Edited by Melissa Harper and Richard White
Paperback, 240 pages
250mm x 230mm, full colour
Co-published by UNSW Press and National Museum of Australia Press in January 2010
How did the kangaroo transform from a bizarre curiosity to an internationally recognised symbol of Australia?
How did Vegemite, a waste product of beer, come to be the most popular spread in the country?
How did the Opera House survive early controversy to become a national symbol equal to the Pyramids or the Taj Mahal?
And does the pavlova belong to Australia or New Zealand?
Australia is a land of symbols. From the curious, the folkloric, the official, the ancient, the inspiring, the commercial, the lovable, the feared, even the edible, these symbols make the abstract concept of the nation tangible and give us an identity by representing Australia to itself and the world. But how are national symbols created? What makes them popular? Do they unite or divide the nation? And what do they really mean?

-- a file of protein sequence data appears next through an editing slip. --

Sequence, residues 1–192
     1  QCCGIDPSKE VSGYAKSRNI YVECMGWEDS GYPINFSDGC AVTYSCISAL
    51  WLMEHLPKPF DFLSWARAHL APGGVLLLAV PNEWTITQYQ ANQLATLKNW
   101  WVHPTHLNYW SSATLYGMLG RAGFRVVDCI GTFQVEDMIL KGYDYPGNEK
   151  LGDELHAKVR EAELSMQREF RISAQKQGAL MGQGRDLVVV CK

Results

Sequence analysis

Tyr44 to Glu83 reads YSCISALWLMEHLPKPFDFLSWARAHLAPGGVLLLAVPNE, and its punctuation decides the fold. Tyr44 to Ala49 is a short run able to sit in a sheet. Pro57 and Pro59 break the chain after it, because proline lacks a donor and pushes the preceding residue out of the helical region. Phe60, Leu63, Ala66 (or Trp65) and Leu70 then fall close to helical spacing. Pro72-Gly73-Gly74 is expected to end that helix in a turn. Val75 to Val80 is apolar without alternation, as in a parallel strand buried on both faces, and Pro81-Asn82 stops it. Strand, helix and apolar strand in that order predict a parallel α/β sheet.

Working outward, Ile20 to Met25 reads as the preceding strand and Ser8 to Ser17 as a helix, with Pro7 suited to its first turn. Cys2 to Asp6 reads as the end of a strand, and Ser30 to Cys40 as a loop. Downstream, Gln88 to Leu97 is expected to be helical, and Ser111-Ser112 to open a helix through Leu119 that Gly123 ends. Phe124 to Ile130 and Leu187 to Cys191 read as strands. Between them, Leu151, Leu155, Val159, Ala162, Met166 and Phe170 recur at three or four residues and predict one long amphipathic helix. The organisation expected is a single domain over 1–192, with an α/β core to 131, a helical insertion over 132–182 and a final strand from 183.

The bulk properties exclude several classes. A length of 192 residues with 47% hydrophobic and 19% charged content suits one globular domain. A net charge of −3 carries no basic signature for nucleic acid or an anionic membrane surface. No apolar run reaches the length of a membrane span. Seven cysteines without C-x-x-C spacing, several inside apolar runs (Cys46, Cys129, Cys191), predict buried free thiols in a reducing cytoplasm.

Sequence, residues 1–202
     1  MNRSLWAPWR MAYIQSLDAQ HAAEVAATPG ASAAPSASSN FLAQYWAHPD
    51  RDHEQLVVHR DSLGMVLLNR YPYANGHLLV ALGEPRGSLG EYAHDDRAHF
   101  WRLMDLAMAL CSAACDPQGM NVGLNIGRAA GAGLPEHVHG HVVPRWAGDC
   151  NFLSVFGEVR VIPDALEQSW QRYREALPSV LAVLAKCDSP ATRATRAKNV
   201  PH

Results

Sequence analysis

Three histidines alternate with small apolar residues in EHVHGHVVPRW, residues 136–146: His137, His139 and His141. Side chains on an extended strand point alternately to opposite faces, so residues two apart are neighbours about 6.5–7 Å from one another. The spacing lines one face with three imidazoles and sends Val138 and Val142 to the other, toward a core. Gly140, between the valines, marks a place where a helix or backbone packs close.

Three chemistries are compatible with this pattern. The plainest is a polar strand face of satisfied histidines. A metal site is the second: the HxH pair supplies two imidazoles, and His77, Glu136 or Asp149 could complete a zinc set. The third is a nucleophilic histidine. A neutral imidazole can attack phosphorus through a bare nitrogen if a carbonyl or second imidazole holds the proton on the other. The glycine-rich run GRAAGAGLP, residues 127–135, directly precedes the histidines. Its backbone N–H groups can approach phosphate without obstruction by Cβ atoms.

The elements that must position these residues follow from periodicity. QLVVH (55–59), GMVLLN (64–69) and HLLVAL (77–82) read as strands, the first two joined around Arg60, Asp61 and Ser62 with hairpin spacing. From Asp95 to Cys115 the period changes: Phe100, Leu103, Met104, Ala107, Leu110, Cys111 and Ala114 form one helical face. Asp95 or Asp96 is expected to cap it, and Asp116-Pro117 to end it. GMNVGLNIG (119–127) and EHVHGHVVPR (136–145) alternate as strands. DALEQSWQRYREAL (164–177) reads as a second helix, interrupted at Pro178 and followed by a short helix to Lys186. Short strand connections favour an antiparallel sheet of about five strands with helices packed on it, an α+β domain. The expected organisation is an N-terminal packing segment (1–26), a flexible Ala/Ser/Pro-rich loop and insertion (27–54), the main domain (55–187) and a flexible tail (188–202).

Symbols of Australia offers an entertaining, provocative and often surprising look at 26 of Australia's best-loved symbols. Some are quirky and frivolous and others get taken for granted, but these symbols have the power to make a nation.
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